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Early morning light giving life to the architecture of the city of Oaxaca, Mexico. November 2016. ©Eduardo Mendoza.

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Day of the dead celebrations in the streets of Oaxaca, Mexico. November 2016. ©Eduardo Mendoza.

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Day of the dead celebrations in the streets of Oaxaca, Mexico. November 2016. ©Eduardo Mendoza.

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Characters at the Muerteadas, Day of the dead celebrations. Villa Etla, Oaxaca, Mexico. November 2016. Eduardo Mendoza.

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Characters at the Muerteadas, Day of the dead celebrations. Villa Etla, Oaxaca, Mexico. November 2016. Eduardo Mendoza.

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Characters at the Muerteadas, Day of the dead celebrations. Villa Etla, Oaxaca, Mexico. November 2016. Eduardo Mendoza.

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Characters at the Muerteadas, Day of the dead celebrations. Villa Etla, Oaxaca, Mexico. November 2016. Eduardo Mendoza.

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Characters at the Muerteadas, Day of the dead celebrations. Villa Etla, Oaxaca, Mexico. November 2016. Eduardo Mendoza.

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Grasshoppers are some of the insects harvested from the fields of Mexico to serve as food, here, sold at the market of Oaxaca. November 2016. ©Eduardo Mendoza.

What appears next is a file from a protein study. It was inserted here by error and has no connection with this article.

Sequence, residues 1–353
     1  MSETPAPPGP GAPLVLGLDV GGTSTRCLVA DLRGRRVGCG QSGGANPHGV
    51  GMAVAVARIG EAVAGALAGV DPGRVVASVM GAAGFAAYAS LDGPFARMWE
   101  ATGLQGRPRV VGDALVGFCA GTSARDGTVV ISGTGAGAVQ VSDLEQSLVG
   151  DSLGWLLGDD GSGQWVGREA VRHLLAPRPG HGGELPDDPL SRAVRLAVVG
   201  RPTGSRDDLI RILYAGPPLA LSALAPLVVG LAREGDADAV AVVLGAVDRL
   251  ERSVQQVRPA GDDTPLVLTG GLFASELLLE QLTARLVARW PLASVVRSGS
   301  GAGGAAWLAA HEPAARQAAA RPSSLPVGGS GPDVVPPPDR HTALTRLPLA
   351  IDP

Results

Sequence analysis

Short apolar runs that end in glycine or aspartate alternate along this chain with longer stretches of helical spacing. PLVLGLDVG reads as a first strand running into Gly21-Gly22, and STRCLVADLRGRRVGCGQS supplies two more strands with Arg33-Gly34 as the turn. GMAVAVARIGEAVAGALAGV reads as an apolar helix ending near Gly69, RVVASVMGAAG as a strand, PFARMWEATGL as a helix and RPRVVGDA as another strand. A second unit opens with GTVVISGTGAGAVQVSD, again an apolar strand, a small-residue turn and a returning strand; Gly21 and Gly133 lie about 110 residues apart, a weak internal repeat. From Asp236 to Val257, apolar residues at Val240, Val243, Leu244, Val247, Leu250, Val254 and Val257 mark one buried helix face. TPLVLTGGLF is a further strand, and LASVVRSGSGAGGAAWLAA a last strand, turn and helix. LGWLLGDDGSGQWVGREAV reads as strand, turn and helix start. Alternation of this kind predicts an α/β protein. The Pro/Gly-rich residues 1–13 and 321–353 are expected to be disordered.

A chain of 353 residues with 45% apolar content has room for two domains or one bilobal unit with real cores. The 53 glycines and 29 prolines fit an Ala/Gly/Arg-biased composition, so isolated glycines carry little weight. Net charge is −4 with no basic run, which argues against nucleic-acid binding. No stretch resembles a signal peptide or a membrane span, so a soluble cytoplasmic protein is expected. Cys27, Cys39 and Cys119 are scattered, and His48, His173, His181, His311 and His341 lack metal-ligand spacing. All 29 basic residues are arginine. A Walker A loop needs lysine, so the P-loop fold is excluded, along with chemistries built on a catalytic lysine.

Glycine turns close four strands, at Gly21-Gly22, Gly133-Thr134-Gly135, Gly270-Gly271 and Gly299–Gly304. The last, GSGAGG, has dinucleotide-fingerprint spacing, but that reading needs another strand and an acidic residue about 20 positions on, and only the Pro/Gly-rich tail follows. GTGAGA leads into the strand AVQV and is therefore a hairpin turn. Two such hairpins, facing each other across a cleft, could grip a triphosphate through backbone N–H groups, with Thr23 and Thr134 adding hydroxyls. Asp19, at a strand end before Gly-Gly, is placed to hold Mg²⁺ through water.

Pan de Yema, Oaxaca.

A special kind of bread is made for the Day of the Dead celebrations at the beggining of November in Oaxaca, Mexico, called “pan de yema” or yolk bread, made all year, but decorated with the tiny faces and shaped like people is only made for this ocassion. Market of Oaxaca. November 2016. ©Eduardo Mendoza.

Pan de Yema, Oaxaca.

A special kind of bread is made for the Day of the Dead celebrations at the beggining of November in Oaxaca, Mexico, called “pan de yema” or yolk bread, made all year, but decorated with the tiny faces and shaped like people is only made for this ocassion. Market of Oaxaca. November 2016. ©Eduardo Mendoza.

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Starting November in Oaxaca, Mexico.

Last monday night I took off to see and photograph some aspects of Oaxaca in Mexico focusing on some aspects of the Day of the Dead celebrations, or as we call it here in Mexico, Dia de Muertos. I’ve just had the chance of posting a few images on instagram and my facebook fanpage, now I’m working on the full bunch of photos in Lightroom, so soon I’ll have some on display here, in the meantime I like to share with you the lovely light and colours that shine early on that magical city.